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45 Posts
Discussion Starter · #1 ·
Hi Guys

The car has just returned from its Annual Service 36000 miles . And I would have thought that the Pollen / Cabin Filter would have been changed.

Well in the 12 months of ownership and two dealer services later, it hasn't, and its not due for renewal until the 54k Service I'm informed by the dealer. In normal Motoring that's close to nearly five years that cannot be right. Most Manufacturers change it at every annual service or 12k miles.

So with thanks To "tjw" in the post "How To Drop The Glovebox" he provided the diagram from the Mann Catalogue on the Pollen/Cabin Filter. This at least pointed me in the right direction and the location of where it hides.

So I thought I'd take a look at this Pollen / Cabin Filter to see what sort of condition it is in.

Once you know how to do it, its not that difficult, but it requires a touch of bravery and a leap into the unknown at first.

To drop the Glovebox lid down to gain access one must lever the sides of the Glovebox to release the two locating pins (one each side) from their channels. The force required is quite a bit, and I understand why at first you're waiting for something to break. but BE BRAVE, lever in the right position and pulling on the lid release one side at a time will pop them out. I found it beneficial to do the right hand side first this being the most difficult.





Then the Filter cover is revealed in all it's glory. One must then release the two tangs on the top of the cover and the panel is located at the bottom so in effect it comes towards you from the top. Note, the panel is slightly offset to the right so needs a little manoeuvring to pull it out.


Then the filter and the aperture it sits in are revealed



Pull the filter out and replace.


Notice this filter is only 12 months old / 37k miles it should be "White" no wonder my wind screen is always fogged up with residue. I like to run with my air-con all the time so its just rubbish passing through the filter I think.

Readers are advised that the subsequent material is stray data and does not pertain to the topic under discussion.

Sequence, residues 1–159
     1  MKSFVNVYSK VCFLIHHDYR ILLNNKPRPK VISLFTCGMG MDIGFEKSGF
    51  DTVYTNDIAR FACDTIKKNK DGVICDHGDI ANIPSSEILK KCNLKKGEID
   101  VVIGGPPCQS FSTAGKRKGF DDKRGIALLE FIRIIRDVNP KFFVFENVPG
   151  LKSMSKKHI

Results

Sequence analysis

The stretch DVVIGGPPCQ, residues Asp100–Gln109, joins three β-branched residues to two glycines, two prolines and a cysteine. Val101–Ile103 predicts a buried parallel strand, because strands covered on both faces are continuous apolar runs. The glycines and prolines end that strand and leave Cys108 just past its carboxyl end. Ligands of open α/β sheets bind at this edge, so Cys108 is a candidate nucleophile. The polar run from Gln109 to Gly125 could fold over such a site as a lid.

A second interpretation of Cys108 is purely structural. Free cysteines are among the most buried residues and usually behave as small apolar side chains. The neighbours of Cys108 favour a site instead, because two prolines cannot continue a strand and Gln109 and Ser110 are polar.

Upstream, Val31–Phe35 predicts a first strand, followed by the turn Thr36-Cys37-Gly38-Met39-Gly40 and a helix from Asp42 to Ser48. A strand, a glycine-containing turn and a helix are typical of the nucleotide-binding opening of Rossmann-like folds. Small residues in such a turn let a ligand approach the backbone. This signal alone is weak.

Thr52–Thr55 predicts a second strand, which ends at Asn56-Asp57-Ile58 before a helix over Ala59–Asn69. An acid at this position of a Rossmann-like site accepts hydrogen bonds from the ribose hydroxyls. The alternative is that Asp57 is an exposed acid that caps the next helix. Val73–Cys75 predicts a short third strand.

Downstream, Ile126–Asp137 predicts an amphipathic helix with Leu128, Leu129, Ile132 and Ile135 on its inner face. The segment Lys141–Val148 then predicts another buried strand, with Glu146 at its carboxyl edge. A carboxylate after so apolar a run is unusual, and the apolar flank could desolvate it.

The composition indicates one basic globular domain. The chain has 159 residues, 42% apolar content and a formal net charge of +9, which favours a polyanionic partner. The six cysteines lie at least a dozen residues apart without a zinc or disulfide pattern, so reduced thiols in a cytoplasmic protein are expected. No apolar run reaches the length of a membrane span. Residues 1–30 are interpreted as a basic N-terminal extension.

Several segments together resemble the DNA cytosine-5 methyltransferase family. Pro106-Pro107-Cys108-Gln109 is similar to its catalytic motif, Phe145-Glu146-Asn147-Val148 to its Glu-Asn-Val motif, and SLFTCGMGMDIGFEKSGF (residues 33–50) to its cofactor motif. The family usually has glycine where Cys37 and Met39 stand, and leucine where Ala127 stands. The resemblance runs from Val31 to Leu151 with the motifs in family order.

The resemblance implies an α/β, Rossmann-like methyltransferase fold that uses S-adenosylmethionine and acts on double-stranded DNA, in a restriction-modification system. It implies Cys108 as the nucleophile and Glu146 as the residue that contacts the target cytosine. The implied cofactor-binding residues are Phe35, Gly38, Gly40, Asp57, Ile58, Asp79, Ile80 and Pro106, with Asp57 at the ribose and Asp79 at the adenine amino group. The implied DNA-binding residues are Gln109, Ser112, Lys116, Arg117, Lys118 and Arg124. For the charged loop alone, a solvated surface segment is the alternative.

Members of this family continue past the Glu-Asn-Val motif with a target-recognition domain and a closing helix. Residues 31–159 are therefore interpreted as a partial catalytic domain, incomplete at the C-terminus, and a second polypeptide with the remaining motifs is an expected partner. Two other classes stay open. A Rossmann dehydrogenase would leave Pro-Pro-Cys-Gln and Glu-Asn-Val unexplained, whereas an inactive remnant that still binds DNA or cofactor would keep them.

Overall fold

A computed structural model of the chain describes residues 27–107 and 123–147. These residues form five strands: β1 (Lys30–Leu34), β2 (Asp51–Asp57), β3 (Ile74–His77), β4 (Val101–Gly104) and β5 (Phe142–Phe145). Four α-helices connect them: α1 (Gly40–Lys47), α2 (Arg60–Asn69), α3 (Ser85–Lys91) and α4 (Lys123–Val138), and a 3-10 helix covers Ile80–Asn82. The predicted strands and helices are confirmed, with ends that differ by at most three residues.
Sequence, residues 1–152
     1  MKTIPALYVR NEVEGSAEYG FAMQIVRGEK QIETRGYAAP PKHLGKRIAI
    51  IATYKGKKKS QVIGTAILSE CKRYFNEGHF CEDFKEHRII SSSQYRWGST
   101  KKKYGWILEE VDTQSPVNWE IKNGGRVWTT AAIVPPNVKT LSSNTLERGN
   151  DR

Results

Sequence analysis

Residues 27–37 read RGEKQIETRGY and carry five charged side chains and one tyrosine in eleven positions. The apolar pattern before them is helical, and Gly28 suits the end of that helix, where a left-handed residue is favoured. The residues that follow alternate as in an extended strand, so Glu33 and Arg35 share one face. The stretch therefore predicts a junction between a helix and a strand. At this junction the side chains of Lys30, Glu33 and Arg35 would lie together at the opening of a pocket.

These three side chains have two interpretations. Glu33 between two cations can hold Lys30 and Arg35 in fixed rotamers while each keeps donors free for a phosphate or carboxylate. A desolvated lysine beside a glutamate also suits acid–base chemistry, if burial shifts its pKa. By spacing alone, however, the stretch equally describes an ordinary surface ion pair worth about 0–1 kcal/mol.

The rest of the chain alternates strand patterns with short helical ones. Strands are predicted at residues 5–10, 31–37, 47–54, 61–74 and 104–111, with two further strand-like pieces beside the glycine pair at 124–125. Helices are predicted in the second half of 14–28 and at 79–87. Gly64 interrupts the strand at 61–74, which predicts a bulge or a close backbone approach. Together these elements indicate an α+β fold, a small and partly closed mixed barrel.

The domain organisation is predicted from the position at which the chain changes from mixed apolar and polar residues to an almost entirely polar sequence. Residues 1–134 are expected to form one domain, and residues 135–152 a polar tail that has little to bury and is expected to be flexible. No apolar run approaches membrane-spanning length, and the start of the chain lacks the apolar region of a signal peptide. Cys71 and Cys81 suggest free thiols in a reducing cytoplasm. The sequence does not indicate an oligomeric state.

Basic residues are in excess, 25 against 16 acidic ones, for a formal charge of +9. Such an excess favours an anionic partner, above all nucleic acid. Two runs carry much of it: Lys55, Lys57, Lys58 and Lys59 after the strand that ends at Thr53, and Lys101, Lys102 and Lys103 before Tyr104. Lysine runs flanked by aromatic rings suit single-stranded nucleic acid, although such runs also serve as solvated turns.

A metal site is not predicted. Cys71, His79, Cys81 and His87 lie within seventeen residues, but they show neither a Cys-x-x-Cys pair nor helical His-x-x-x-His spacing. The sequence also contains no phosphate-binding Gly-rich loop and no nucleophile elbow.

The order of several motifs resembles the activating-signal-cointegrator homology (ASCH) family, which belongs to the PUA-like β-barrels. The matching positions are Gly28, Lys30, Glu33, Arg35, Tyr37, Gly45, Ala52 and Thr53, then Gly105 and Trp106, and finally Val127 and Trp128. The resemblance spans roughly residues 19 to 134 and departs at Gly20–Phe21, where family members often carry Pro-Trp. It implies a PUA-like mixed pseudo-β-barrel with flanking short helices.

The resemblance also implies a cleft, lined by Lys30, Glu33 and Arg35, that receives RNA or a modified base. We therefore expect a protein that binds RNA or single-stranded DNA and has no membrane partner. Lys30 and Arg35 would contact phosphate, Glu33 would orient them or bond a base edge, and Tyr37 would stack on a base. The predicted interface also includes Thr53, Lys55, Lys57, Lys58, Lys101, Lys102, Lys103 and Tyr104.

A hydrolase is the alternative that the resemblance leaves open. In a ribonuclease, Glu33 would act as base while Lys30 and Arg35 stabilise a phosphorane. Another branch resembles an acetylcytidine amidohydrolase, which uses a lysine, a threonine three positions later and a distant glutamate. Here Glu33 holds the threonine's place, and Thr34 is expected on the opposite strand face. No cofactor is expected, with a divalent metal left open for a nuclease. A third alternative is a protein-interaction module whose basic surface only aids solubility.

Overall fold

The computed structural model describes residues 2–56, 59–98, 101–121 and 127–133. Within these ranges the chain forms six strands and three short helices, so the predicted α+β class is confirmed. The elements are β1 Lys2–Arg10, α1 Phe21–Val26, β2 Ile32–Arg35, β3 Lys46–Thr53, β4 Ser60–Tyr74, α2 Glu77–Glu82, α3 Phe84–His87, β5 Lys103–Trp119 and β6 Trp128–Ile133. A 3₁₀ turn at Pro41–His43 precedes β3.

Right off to the dealers / car accessory shop for a new one. I think I'll keep the old one and when it goes into the Dealers for its next major service at 56k Miles I'll put it back and keep the new one I've installed and use it as an intermediate one.

Putting everything back is just a reversal of how it came apart but getting the two locating pins in their channels is easier than taking them out they don't need much force to pop them back in

VOILA and enjoy

2 Posts
Great instructions. I changed the filter once before without a problem (thanks to you!). This time, however, I can't open the door to the filter. I hold the clips down and pull but it seems stuck. Any ideas?


203 Posts
Because a dirty air filter restricts the flow of air to the engine, that airflow is mixed with the fuel to create the perfect air/fuel mix for combustion.
Not enough air results in a richer AF mix and increased fuel consumption together with increased carbon deposits in the combustion chamber and on exhaust valves.
It’s like someone putting a thick cloth over your nose and mouth, you can’t breathe properly…. neither can your engine.
That’s why…
Pollen filters, when clogged will just prevent the flow of fresh air into the cabin, and full of rotting insect corpses etc add a musty smell to the air that gets in.

Super Moderator
599 Posts
We were on about the cabin filter, which will allow all sorts of particles through when new... As it gets used the larger holes get plugged, and so the "mesh" gets smaller and smaller making a better filter, until it's clogged... Then it's useless !
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